Chinese Arms Transfers: Purposes, Patterns, and Prospects in the New World Order

By R. Bates Gill | Go to book overview

Introduction
Independence and Regional Influence

As the 1980s progressed, a number of observers pointed out that the PRC began to take a more "optimistic" view of the Soviet expansionist policy. Beijing saw that the Soviet Union was destined to fail in its bid for strategic dominance due both to the concerted united front strategy by "peaceloving" nations worldwide to defeat Moscow-led hegemony and to the inherent weaknesses of the Soviet Union, particularly in the economic realm. But while the Chinese took on a more long-term approach, the "'conservative approach' to grand strategy," 1 It remained clear that until the ascension of Gorbachev in 1985, Sino-Soviet relations were strained at best, particularly in the foreign policy and security arenas. 2 Eventually, even the more open policies of Gorbachev would be vilified and condemned by hard-liners in Beijing as being dangerous and inherently menacing to Chinese Communist policy, particularly in that they led to the highly destabilizing disintegration of the Soviet Union.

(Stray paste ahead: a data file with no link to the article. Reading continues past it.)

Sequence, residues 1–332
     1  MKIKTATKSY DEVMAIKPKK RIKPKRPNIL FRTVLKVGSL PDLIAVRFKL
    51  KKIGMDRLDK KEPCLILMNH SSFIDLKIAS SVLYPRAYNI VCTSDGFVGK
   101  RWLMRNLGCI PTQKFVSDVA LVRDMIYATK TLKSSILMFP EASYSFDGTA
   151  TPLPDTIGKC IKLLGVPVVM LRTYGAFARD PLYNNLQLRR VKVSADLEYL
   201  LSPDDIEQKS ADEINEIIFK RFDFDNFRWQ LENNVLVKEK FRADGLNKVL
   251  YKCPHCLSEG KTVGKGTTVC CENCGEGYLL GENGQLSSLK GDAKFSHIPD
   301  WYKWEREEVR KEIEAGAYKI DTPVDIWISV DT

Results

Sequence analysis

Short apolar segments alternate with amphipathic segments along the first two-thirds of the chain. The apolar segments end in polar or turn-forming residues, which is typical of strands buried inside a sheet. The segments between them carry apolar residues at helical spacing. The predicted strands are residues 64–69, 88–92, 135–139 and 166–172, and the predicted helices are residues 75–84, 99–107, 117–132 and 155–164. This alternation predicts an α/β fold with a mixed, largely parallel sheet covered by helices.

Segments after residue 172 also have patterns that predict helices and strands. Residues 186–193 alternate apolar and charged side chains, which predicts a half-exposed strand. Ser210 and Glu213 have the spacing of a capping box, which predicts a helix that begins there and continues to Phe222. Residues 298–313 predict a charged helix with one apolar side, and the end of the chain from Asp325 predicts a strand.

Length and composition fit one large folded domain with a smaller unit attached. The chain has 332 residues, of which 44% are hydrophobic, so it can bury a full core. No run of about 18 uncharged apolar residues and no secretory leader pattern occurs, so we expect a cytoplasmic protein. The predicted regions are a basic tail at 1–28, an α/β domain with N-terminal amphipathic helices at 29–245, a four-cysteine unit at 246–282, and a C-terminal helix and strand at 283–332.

Throughout the 1980s, the major security problems for the Chinese remained the "three obstacles," Moscow-supported threats around the Chinese periphery symbolic of the Soviet encirclement strategy. The three obstacles were the Vietnamese occupation of Cambodia, the Soviet occupation of Afghanistan, and Soviet troops massed on the Sino-Soviet and Sino-Mongolian border. Under the leadership of Gorbachev, the Soviet Union worked to remove these obstacles to normalized Sino-Soviet relations, and Gorbachev himself made a highly publicized visit to Beijing in 1989, the first visit by a Soviet leader to China in 30 years. But in spite of vast improvements in Sino-Soviet relations, and the apparent easing

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